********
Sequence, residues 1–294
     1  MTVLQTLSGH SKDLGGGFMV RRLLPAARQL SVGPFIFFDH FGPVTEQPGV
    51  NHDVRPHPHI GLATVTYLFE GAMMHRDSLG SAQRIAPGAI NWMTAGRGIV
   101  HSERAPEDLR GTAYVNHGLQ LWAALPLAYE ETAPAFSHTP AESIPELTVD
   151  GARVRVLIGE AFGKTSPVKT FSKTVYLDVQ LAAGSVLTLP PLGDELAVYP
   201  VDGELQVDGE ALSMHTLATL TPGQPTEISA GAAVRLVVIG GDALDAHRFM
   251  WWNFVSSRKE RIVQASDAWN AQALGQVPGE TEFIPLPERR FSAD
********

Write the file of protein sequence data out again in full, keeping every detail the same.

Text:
Sequence, residues 1–294
     1  MTVLQTLSGH SKDLGGGFMV RRLLPAARQL SVGPFIFFDH FGPVTEQPGV
    51  NHDVRPHPHI GLATVTYLFE GAMMHRDSLG SAQRIAPGAI NWMTAGRGIV
   101  HSERAPEDLR GTAYVNHGLQ LWAALPLAYE ETAPAFSHTP AESIPELTVD
   151  GARVRVLIGE AFGKTSPVKT FSKTVYLDVQ LAAGSVLTLP PLGDELAVYP
   201  VDGELQVDGE ALSMHTLATL TPGQPTEISA GAAVRLVVIG GDALDAHRFM
   251  WWNFVSSRKE RIVQASDAWN AQALGQVPGE TEFIPLPERR FSAD